So, suppose, just as an example, you have the code: 10110111
just eight bits... suppose this is an instruction for a VERY basic computer (most computers today have 64 bit instructions).
suppose the first two bits ("10") are code for what operation to do:
00 = add
01 = subtract
10 = multiply
11 = divide
and the next two ("11") are the left and right hand operands for this instruction. in this case, they are both "1" which, in binary, is also 1 (in decimal).
so this instruction means: "1 * 1"
The actual 10 will be piped into the ALU through another bit of hardware, and this will inform the ALU that it must multiply the operands. The "1" and "1" will then be piped into the part of the ALU responsible for receiving operands, and it will spit out the answer to "1 * 1" into a memory location. That's what the last "0111" of the instruction is for: where to store the result. With four bits, 16 unique locations can be identified by a number. In this case, we want the result of our 1 * 1 operation to be stored in memory location "0111", which in binary is 7. So, the 7th memory location.
And basically, this is how computers work. As you can see, that's a lot of work just to multiply 1 and 1 and it's very hard to know that "10110111" means "multiply 1 * 1 and store the answer in the 7th memory location" at a glance. that's the reason people invented assembly languages, which typically have a unique english word for each operation the computer is capable of, so this instruction might be something like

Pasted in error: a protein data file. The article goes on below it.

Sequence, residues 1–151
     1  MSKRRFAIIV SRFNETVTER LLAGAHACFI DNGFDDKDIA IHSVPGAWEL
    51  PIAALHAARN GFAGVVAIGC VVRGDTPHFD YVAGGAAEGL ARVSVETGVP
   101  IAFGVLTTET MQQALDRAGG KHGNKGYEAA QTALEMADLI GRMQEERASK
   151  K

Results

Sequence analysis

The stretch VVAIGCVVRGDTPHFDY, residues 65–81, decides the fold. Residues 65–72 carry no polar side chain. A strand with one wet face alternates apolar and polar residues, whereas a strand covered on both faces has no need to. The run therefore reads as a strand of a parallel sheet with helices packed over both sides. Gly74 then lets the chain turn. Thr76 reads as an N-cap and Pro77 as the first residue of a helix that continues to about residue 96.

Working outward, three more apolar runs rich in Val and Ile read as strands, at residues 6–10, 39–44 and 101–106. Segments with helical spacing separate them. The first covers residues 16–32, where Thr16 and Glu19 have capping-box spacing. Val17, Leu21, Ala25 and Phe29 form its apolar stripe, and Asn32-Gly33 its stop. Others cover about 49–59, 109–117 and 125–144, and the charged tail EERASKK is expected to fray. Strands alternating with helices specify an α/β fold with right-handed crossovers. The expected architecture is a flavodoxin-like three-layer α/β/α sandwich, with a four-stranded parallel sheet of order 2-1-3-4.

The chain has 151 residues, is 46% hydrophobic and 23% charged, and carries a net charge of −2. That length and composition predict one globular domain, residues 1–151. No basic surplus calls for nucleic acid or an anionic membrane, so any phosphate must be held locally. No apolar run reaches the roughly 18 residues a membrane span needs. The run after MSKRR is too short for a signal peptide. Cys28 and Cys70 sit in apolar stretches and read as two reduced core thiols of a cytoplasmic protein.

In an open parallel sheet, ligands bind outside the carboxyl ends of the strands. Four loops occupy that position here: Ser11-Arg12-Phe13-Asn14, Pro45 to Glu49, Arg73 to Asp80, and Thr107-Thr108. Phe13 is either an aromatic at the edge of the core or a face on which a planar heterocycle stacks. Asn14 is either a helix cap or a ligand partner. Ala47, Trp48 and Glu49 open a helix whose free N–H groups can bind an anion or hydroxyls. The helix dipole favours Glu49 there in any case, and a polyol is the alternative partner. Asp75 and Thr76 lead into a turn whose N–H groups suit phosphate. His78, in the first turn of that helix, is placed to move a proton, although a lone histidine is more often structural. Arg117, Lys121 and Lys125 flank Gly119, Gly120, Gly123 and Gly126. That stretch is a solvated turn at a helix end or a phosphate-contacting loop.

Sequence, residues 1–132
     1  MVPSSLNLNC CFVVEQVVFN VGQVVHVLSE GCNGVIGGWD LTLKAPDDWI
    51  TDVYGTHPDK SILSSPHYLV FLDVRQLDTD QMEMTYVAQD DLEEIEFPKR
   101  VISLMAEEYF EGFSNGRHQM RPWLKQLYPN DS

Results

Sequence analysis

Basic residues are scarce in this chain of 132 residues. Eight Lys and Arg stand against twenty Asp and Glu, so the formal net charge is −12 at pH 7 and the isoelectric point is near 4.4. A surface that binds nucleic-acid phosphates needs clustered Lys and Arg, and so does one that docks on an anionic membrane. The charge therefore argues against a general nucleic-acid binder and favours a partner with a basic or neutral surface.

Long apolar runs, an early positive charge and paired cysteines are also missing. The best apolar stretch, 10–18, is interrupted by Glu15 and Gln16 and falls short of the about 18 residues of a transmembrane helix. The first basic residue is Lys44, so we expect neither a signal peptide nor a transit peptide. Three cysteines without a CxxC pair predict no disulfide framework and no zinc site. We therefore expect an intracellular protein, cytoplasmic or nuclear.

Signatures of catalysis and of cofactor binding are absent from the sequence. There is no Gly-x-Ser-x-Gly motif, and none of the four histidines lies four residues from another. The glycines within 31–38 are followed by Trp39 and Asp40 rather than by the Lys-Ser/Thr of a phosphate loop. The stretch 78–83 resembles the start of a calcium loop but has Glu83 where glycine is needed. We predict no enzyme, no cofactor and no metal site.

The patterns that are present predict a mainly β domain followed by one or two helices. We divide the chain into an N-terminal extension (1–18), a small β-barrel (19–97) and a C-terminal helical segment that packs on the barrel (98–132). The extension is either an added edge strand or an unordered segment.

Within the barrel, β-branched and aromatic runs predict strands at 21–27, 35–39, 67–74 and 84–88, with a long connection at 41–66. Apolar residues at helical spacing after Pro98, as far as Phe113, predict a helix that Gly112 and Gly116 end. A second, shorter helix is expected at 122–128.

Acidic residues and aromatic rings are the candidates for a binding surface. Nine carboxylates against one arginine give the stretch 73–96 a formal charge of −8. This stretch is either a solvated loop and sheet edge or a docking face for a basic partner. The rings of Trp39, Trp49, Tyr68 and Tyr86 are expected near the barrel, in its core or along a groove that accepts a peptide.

MUL 1, 1, 7
meaning, multiply 1 * 1 and put the answer in spot seven.
This is still really hard, in practice, to wrap your head around, so people invented C++ and the like where you can assign symbols to represent memory locations, such as
result = 1 * 1;
The above lines mean that we want to create a new symbol to represent an integer, and then we want this integer to be the product of 1 and 1. We no longer have to worry about which memory location, exactly, in the hardware, will actually store whatever value the symbol "result" represents. This makes things a lot easier, in the long run.
With each new, higher level of programming language, less and less knowledge of the computers inner workings are required (at least at some level) of the programmer. Eventually, we should be able to communicate with computers without having to know much about how they work at all... but for now, a language like c++ is pretty much the standard for someone who wants to create a very useful program, the type of which you are familiar with (Windows, internet explorer, word, excel, videogames, etc.).
I'm sure some of the more savvy computer users will take issue with some of the things I wrote, but quibbles aside, that's basically how most code works, and computers in general.
By the way, a c++ compiler is included with Microsoft's program "visual studio" and on many linux, unix, mac type operating systems by default. Something like Java is a lot easier to get started with for a windows user, as the compiler is easily downloaded along with some other essential materials from Oracle's website.